4.4 Tanshinol restores the inhibitory effect of TGF-𝜷1 on NKG2DL-NKG2D signaling axis

It has been well accepted that the activity of NK cells depends on the interaction of NK cell surface receptors and their associated ligands on target cells. NKG2DLs expressed on the surface of tumor cells can bind to activated receptor NKG2D on the surface of NK cells, thereby activating NK cells to exert anti-tumor killing effects [13, 14, 15]. As shown in Fig. 4A, TGF-β1 declined the expression of NKG2DLs, but Tanshinol alleviated the inhibitory effects of TGF-β1 on the expression levels of MICA, MICB and ULBP2. Besides, ULBP1 was not significantly affected by TGF-β1 and Tanshinol (Fig. 4A). All of these could be validated by the immunofluorescence results (Fig. 4B), indicating that Tanshinol can reverse the repression of NKG2DL expression mediated by TGF-β1 on the surface of tumor cells.

 (A) The effect of Tanshinol on the inhibition of NKG2DL protein expression by TGF-

Figure 4: Tanshinol activates the NKG2D-NKG2DLs signaling axis and reverses the effect of TGF-β1. (A) The effect of Tanshinol on the inhibition of NKG2DL protein expression by TGF-β1. (B) The effect of Tanshinol on the inhibition of MICA/B protein expression induced by TGF-β1 (×400). (C) The activation of NK92MI by exogenous MICA and the intervention of Tanshinol on TGF-β1 inhibiting the activation of NK92MI cells by exogenous MICA. (D) Tanshinol reverses the TGF-β1-induced immunosuppression after neutralizing NKG2D. The data are presented as the mean ± SD, n = 3. #p < 0.05, ##p < 0.01, ###p < 0.001 (vs. control group). *p < 0.05, **p < 0.01, ***p < 0.001 (vs. TGF-β1 treated group). p < 0.01 (NKG2D neutralizing antibody vs. without antibody).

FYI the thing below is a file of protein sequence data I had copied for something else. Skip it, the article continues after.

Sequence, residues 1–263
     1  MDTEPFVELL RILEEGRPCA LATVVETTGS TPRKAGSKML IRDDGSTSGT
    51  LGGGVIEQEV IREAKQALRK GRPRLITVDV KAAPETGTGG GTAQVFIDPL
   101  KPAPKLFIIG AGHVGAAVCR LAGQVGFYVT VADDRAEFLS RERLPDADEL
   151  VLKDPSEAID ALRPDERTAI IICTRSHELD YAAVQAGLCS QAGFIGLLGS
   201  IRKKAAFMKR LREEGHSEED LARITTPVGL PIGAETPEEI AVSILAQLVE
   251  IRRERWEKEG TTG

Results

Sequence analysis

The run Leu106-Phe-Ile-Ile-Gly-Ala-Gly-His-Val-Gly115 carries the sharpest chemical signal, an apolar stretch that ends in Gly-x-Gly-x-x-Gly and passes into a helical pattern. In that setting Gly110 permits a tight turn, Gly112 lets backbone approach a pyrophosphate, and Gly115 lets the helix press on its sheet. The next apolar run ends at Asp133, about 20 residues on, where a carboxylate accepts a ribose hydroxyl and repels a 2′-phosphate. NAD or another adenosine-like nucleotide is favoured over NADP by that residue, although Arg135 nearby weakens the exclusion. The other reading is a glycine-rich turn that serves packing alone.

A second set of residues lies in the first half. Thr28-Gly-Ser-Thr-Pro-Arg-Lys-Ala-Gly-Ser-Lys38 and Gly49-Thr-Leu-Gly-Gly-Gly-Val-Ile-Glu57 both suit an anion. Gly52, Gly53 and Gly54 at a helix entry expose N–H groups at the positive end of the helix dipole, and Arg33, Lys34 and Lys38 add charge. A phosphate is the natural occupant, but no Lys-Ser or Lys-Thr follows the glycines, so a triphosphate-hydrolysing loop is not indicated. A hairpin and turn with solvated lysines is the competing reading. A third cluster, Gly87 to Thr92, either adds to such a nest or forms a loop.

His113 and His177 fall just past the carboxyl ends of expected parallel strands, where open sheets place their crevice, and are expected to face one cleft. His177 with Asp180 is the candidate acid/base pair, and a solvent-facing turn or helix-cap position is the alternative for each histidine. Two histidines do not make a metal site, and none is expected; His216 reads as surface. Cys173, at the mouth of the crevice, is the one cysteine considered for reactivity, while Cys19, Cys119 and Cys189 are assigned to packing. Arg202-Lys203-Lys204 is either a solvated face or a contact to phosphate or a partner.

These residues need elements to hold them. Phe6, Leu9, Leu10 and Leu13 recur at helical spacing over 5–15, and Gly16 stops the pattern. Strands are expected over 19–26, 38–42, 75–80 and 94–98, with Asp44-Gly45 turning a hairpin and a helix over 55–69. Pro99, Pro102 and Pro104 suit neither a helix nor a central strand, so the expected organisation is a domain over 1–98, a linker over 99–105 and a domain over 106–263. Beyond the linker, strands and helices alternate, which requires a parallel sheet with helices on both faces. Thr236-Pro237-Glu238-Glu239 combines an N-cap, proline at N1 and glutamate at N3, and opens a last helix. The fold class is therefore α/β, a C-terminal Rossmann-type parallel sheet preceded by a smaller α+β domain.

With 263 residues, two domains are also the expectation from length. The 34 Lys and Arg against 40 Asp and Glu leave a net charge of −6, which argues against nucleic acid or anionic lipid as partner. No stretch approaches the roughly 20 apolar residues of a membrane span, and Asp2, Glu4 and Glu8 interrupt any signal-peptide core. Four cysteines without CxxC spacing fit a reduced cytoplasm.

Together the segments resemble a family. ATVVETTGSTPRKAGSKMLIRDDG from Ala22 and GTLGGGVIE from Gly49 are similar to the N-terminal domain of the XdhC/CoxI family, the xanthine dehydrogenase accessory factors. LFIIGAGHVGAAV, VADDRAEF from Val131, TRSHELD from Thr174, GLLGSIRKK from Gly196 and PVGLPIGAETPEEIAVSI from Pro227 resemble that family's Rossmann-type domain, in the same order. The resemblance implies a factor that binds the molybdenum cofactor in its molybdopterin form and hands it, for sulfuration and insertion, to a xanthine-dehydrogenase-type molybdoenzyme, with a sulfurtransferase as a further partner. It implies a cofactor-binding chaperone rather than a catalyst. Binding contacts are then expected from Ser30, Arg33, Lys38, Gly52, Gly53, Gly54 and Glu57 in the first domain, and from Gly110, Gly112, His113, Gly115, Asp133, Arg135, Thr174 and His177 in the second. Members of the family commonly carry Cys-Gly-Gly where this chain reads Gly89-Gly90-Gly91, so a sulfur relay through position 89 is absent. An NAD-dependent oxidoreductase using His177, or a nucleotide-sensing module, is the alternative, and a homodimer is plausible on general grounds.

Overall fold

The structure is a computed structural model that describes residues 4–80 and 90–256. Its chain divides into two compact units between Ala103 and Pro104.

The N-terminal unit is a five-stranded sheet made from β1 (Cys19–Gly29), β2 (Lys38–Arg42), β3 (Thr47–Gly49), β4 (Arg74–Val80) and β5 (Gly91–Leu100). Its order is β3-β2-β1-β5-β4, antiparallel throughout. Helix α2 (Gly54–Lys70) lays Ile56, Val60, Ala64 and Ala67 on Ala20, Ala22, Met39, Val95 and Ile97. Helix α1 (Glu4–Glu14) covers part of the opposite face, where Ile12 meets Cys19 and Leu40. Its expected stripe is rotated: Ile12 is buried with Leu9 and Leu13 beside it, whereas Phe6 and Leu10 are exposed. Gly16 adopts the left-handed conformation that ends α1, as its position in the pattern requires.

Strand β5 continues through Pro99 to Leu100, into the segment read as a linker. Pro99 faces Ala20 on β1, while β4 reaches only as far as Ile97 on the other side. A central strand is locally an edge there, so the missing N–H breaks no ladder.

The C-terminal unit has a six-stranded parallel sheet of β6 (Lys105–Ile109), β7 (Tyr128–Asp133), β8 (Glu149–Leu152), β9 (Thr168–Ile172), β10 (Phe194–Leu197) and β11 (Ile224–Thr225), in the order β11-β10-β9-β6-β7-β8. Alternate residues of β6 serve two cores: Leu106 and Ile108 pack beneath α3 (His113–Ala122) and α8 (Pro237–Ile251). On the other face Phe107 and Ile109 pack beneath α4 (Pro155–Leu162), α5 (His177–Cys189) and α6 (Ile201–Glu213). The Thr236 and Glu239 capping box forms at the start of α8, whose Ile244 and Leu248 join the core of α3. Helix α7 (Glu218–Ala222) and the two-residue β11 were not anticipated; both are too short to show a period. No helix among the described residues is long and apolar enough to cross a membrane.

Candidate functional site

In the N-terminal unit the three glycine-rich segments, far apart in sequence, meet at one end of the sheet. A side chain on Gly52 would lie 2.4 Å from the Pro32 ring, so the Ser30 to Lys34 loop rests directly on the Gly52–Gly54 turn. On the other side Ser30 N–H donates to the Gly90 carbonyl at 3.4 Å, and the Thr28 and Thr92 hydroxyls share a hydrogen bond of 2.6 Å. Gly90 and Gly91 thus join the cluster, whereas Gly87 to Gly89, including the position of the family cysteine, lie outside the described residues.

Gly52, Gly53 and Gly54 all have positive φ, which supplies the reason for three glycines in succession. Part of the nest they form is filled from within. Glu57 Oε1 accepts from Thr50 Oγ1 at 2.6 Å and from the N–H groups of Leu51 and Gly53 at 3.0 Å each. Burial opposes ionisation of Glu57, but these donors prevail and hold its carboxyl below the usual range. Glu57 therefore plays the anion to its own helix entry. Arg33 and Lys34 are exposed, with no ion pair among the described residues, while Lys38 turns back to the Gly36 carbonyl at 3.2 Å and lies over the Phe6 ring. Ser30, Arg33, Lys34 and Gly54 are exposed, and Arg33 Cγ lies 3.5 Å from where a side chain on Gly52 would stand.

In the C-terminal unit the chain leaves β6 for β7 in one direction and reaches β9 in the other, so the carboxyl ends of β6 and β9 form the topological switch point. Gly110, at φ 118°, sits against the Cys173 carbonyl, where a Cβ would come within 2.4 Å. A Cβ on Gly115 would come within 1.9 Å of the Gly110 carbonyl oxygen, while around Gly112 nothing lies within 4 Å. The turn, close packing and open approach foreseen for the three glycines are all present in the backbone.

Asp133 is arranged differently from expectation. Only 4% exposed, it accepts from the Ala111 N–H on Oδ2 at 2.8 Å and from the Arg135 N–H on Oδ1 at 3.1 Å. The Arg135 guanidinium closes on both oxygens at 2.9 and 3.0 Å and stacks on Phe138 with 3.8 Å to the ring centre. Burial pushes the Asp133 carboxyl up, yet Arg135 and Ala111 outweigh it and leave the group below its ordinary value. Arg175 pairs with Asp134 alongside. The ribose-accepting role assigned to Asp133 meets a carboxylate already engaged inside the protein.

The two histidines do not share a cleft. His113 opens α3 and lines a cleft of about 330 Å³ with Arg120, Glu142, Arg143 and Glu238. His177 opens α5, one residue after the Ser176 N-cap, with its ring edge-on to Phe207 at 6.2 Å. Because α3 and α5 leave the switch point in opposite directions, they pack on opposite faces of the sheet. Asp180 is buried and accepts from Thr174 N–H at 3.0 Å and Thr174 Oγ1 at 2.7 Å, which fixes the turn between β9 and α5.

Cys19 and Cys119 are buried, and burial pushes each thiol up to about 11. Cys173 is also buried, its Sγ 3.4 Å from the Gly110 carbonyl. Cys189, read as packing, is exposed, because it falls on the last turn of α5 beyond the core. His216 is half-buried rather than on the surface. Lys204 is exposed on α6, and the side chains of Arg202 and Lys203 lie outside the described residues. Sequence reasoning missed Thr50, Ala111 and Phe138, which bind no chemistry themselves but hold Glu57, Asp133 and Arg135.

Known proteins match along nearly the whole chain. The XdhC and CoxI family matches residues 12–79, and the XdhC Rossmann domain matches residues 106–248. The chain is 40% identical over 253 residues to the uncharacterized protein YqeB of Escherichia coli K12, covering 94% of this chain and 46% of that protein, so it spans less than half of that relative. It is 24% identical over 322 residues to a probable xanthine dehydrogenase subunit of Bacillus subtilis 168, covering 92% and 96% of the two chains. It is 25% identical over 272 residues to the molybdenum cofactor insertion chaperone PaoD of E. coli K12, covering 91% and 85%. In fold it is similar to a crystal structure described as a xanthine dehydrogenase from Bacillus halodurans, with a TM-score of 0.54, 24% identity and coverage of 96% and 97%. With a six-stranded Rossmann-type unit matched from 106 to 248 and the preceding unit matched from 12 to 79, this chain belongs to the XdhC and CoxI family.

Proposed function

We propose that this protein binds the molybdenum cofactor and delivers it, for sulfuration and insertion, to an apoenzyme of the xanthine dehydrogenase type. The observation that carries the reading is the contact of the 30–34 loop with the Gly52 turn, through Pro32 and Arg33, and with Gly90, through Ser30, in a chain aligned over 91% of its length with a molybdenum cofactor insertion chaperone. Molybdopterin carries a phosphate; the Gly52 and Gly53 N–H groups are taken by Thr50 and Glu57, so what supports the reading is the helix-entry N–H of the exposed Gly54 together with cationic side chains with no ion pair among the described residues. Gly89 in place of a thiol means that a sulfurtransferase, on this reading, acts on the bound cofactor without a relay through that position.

Interestingly, after exogenous administration of human MICA recombinant protein (1 μg/mL), the killing effects of NK92MI cells under different effect target ratios were significantly enhanced, in comparison to the control group (Fig. 4C). However, the killing effect of MICA-mediated NK92MI cells was significantly inhibited following the stimulation of TGF-β1, which could be reversed following the treatment of Tanshinol (Fig. 4C). Further, the restoration of NK cell killing effect disappeared following the utilization of NKG2D neutralizing antibody to inhibit the expression of NKG2D on the surface of NK cells, indicating that the alleviation of TGF-β1-mediated immunosuppression of NK cells by Tanshinol is closely associated with the activation of functional receptor NKG2D (Fig. 4D). Based on the above results, it can be concluded that Tanshinol may improve the immune killing function of NK cells by rescuing the inhibitory effect of TGF-β1 on the NKG2D-NKG2DL signaling axis.